YouTube | ABC News

Anti-Vax Student Sues For Being Kicked Out Of Class, Judge Denies His Case

Lynne Versluys 3 Apr 2019

A Kentucky high school student objects to vaccines and refuses to get one, but his school is requiring him to get a chicken pox vaccine.

An Outbreak

YouTube | ABC News

In Northern Kentucky, Our Lady of the Sacred Heart and Assumption Academy is facing an outbreak of chicken pox, with 32 students out with the virus.

Load Comments

A New Policy

YouTube | ABC News

The school has partnered with the local health department to require all students who haven't received the chicken pox vaccine to get inoculated before returning to school. One student, Jerome Kunkel, is refusing.

Load Comments

One Student Objects

YouTube | ABC News

Kunkel is a member of the school's basketball team and wants to return to school to finish the season, but he refuses to get vaccinated because of his religious beliefs. He has been out of school since March 15th.

Load Comments

Against His Beliefs

YouTube | ABC News

According to Kunkel, since the vaccines were developed in the 1960s using cells from two aborted fetuses, he won't get vaccinated. He told ABC News:

"As a Catholic, you know, we believe that abortion is wrong — morally wrong — and since the vaccine is derived from aborted fetal cells, that obviously goes directly against that."

However, the Vatican has long supported vaccinations, even ones developed from fetal cells, due to the widespread health benefits.

Load Comments

Denied By A Judge

YouTube | ABC News

Kunkel sued the Northern Kentucky Health Department for the right to return to school unvaccinated, but Boone County Circuit Judge James R. Schrand denied his request.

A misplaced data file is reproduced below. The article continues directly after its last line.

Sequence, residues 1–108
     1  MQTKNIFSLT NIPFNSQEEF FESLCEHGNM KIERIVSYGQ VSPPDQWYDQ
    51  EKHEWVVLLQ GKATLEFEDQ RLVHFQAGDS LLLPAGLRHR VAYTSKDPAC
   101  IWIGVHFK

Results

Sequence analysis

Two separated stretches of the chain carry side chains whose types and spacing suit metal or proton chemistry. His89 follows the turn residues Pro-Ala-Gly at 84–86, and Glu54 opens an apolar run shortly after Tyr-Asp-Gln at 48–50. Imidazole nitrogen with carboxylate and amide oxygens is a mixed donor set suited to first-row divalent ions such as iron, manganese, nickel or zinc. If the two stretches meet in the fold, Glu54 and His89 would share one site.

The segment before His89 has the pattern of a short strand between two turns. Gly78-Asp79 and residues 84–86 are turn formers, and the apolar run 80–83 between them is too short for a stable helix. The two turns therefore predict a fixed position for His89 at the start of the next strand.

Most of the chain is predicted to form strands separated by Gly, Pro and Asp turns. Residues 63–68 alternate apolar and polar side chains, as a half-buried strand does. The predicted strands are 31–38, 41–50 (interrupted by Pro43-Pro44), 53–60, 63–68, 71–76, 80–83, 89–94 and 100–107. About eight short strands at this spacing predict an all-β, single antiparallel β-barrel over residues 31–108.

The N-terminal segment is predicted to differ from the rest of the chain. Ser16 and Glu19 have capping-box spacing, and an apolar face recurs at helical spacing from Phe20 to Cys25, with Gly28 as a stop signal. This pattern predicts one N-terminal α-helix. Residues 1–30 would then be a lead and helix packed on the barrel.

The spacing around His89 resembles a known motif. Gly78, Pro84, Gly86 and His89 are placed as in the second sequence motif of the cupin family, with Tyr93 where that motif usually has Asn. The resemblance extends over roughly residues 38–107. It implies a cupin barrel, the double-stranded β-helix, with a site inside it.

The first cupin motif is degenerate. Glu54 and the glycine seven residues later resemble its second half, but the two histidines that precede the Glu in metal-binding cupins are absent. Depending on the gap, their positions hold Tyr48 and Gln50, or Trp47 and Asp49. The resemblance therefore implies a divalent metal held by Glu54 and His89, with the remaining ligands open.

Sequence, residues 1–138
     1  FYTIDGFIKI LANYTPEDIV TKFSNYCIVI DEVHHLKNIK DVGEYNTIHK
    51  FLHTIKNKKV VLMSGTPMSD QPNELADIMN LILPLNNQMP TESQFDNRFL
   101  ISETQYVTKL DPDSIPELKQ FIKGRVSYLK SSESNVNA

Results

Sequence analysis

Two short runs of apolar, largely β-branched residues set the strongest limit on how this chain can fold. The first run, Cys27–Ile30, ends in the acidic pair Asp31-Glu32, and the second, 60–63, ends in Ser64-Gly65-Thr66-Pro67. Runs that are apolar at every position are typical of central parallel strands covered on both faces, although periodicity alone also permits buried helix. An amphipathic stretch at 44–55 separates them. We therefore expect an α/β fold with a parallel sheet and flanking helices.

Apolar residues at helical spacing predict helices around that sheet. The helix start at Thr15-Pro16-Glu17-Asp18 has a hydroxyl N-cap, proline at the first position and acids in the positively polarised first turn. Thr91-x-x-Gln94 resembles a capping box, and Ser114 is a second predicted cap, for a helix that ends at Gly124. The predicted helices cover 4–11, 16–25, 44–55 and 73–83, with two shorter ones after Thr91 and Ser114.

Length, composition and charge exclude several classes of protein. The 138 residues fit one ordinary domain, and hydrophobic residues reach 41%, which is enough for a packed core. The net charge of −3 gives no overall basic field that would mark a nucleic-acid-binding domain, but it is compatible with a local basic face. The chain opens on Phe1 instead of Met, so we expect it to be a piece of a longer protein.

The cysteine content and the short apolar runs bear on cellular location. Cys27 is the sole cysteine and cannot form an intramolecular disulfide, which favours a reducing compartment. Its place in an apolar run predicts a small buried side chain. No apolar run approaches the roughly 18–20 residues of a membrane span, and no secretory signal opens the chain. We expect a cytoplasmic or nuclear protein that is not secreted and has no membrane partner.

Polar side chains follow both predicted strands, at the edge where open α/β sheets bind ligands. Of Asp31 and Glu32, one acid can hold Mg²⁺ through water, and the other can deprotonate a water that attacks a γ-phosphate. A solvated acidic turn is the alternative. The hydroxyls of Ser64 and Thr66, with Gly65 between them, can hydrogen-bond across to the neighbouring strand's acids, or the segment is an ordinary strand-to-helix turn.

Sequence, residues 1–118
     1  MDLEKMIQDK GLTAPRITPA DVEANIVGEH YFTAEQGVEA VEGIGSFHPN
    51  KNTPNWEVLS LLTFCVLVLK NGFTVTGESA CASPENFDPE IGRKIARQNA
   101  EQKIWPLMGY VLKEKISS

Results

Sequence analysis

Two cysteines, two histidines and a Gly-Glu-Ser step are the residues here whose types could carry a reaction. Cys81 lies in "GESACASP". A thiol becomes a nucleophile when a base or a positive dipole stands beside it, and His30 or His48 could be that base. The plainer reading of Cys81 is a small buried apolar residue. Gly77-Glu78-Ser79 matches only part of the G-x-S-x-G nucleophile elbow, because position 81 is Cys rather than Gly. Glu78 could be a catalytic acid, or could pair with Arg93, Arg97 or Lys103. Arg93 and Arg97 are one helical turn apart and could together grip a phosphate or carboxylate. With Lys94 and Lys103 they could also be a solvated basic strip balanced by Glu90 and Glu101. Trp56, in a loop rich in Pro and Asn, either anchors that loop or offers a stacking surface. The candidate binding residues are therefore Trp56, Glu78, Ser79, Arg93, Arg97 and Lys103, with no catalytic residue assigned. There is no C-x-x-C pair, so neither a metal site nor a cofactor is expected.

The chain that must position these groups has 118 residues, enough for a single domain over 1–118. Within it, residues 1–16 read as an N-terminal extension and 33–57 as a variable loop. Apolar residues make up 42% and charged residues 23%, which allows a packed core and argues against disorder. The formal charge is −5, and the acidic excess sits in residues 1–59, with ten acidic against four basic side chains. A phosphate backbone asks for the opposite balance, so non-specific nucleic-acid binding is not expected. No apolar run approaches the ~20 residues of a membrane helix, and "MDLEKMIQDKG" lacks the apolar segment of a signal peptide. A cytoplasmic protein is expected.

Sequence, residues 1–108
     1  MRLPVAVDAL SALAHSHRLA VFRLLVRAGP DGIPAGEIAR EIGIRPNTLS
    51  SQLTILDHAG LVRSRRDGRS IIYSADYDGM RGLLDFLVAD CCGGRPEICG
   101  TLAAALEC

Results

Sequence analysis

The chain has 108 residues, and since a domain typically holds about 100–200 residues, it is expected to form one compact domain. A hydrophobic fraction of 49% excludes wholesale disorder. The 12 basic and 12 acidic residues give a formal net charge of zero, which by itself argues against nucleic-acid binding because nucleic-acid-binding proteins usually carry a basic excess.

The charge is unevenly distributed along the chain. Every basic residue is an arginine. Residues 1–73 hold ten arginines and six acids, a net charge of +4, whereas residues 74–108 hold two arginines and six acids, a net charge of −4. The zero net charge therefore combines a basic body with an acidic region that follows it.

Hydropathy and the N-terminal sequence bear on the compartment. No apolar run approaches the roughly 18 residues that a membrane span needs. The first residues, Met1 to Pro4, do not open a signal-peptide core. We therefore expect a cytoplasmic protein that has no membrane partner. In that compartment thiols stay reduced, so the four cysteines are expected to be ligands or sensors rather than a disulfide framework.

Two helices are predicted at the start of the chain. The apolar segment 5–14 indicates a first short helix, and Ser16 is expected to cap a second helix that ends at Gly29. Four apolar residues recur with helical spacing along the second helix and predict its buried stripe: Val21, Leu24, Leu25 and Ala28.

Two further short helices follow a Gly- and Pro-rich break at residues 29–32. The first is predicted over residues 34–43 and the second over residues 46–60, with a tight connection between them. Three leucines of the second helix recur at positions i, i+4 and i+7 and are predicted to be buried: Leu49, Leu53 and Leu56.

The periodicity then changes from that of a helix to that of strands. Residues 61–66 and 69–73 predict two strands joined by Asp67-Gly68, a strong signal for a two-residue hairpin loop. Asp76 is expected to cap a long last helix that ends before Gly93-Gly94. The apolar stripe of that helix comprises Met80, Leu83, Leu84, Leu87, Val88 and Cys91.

The Northern Kentucky Health Department released a statement to WXIX-TV, praising the judge's decision.

"We are pleased with the Court's careful and thorough review of the evidence and legal issues posed in this case."

Load Comments

For The Safety Of The Community

YouTube | ABC News

While Kunkel believes that he is being discriminated against on the basis of religion, the Health Department reiterated the importance of vaccines for the health and safety of the community.

"The Court's ruling, which follows on the heels of the Northern Kentucky Health Department receiving national recognition through re-accreditation by the Public Health Accreditation Board, underscores the critical need for Public Health Departments to preserve the safety of the entire community, and in particular the safety of those members of our community who are most susceptible to the dire consequences when a serious, infectious disease such as varicella, is left unabated and uncontrolled."

Load Comments
Next Article